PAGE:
My coursework has helped during this internship as many of the challenges I encountered came from the cultural differences between the staff and participants. My Cross-Cultural Negotiation and Conflict Management course helped significantly with my communication skills. As I have learned throughout my studies, interacting with those of other cultures is a key component to the art of diplomacy and becoming a practitioner in the field. Another class that helped me with my internship was my Institutions of Global Governance class, teaching me about the functionality of NGOs across various developed and developing nation-states. NGOs play a significant role in Haiti, as they provide services that the Government of Haiti cannot provide. Fonkoze is such an example. The last course I will mention that helped in this internship was my Sustainable Development class, which taught me how nation-states could grow and prosper while also stressing the intersectionality of poverty and economic development. Poverty is not an issue that just simply disappears over time or periods of growth; solutions require massive amounts of effort and research. This connects to my current work, as Fonkoze focuses its efforts on female-headed households, due to their usually being the most fragile of these families under “extreme poverty”.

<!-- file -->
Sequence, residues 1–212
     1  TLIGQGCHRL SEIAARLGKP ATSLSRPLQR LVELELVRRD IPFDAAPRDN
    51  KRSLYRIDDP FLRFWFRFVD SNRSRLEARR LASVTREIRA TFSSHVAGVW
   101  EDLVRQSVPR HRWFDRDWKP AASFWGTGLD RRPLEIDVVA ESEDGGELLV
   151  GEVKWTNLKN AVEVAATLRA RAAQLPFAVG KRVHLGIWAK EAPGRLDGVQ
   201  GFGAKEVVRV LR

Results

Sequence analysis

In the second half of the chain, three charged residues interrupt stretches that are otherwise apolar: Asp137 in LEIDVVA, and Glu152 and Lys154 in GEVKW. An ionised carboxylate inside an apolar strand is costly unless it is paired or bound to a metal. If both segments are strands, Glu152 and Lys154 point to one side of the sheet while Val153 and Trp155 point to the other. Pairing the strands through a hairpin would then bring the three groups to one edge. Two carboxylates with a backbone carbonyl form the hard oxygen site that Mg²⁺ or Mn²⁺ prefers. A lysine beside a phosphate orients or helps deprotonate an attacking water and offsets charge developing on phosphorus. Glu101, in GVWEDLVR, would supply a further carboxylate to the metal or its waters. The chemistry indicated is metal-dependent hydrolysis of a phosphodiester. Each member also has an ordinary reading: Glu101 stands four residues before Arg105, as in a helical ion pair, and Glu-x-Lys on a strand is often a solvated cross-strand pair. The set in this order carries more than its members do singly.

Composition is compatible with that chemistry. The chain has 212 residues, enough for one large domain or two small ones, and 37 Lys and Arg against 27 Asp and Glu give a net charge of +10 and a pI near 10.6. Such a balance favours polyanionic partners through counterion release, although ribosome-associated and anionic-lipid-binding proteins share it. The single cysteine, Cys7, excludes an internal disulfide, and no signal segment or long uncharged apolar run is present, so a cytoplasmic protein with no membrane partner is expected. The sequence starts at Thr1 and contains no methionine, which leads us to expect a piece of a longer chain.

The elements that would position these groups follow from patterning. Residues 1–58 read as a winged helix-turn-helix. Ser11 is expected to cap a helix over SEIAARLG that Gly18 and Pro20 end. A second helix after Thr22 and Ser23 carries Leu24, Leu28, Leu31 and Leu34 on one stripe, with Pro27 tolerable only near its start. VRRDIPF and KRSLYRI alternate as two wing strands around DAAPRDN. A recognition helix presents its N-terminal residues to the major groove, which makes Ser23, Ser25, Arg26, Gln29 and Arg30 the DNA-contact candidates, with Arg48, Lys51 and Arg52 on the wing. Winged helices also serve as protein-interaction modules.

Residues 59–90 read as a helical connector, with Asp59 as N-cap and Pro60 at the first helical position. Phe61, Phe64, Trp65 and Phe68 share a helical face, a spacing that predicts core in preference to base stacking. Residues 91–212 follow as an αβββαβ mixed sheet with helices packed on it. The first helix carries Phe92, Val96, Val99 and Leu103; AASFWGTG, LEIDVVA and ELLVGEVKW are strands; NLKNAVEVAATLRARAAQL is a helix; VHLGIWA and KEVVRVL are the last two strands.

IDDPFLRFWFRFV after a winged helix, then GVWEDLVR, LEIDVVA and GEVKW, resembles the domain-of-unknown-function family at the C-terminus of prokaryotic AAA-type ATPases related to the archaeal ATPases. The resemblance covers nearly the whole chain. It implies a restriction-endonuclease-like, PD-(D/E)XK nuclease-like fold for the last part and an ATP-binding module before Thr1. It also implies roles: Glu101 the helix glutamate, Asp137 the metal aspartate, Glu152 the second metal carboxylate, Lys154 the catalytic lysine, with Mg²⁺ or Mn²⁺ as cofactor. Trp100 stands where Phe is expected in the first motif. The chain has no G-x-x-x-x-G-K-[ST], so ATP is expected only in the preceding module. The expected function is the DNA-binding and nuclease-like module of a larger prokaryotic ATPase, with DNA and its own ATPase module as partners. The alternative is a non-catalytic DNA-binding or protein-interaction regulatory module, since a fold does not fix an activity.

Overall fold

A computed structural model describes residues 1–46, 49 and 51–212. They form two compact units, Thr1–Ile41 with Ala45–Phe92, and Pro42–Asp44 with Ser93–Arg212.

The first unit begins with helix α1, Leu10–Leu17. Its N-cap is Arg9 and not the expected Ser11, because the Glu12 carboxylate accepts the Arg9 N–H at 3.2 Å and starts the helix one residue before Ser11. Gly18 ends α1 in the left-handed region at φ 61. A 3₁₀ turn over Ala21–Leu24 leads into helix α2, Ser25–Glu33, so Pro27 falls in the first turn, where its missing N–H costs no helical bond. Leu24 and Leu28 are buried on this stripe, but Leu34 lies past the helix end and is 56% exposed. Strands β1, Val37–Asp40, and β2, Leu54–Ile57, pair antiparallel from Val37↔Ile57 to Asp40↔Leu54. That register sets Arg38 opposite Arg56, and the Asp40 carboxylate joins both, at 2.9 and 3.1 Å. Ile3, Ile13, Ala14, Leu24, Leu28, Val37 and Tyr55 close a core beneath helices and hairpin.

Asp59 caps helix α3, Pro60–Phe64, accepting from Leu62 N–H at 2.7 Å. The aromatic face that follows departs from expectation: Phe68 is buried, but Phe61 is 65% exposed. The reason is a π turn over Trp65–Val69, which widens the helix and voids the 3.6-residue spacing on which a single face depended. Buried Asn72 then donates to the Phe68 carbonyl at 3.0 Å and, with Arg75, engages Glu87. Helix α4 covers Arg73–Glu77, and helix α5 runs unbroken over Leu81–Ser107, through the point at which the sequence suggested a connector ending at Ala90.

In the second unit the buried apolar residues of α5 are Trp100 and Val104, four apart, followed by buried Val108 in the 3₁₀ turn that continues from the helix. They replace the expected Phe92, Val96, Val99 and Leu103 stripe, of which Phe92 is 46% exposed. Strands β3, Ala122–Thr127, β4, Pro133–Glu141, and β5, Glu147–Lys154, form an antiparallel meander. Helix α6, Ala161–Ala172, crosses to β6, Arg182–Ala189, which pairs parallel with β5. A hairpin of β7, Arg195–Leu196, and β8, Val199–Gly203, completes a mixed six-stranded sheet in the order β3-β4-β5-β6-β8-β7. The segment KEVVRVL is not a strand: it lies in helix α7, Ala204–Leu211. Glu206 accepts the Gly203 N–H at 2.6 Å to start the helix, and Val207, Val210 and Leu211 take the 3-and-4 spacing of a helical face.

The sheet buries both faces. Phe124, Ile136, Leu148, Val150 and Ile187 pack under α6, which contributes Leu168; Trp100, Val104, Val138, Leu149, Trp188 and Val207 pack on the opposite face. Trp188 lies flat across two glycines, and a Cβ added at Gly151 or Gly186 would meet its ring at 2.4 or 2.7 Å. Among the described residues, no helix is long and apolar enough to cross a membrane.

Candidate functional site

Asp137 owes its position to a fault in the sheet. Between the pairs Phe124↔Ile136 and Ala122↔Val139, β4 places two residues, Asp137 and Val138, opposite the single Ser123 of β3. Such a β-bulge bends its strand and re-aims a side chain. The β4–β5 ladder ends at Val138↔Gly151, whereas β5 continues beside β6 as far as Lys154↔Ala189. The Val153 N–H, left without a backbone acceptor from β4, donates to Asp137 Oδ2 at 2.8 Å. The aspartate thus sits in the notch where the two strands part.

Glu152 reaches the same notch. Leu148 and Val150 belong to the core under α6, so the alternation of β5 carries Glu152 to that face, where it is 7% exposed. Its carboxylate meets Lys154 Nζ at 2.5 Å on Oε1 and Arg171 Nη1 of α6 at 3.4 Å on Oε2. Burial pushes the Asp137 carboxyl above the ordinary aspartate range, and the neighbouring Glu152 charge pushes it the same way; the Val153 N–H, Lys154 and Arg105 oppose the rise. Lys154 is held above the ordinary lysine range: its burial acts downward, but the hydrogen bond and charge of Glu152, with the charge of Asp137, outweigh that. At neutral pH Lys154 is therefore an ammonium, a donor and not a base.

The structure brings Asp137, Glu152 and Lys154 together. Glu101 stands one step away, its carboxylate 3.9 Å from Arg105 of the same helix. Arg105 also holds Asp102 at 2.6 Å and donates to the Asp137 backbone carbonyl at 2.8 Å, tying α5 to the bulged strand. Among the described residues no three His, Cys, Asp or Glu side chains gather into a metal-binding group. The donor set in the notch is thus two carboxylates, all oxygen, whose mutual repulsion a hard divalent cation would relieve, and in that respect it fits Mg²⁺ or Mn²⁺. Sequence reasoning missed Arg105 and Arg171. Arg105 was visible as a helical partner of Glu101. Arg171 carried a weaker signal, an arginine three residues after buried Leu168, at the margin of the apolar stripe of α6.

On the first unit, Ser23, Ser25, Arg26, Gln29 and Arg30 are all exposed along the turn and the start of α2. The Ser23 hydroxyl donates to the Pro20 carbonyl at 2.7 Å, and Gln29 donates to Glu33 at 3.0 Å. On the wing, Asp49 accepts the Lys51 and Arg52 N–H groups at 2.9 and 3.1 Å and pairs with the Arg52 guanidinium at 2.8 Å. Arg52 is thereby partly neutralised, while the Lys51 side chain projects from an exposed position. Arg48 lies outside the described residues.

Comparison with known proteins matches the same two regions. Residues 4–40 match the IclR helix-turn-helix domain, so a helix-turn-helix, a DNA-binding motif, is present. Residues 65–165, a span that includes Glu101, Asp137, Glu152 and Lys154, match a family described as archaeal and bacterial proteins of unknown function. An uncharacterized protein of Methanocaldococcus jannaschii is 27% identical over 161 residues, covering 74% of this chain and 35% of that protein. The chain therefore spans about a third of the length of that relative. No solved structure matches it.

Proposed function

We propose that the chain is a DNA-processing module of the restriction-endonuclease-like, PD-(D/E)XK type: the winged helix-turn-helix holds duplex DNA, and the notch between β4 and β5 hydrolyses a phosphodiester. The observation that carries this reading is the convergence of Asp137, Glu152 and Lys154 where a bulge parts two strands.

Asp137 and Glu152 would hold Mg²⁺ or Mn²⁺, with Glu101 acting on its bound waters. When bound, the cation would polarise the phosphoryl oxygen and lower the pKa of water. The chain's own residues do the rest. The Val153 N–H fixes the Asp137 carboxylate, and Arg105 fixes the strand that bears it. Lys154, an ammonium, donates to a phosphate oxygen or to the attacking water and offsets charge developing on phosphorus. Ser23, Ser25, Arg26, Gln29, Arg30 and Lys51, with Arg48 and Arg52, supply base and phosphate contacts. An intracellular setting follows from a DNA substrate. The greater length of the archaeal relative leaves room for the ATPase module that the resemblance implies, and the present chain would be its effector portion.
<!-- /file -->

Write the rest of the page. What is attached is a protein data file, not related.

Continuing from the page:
I would recommend Fonkoze to students interested in gaining experience in the development field. Fonkoze is a great organization that will send you to a place that truly needs help. Fonkoze gives students the opportunity to see a successful NGO in a developing state.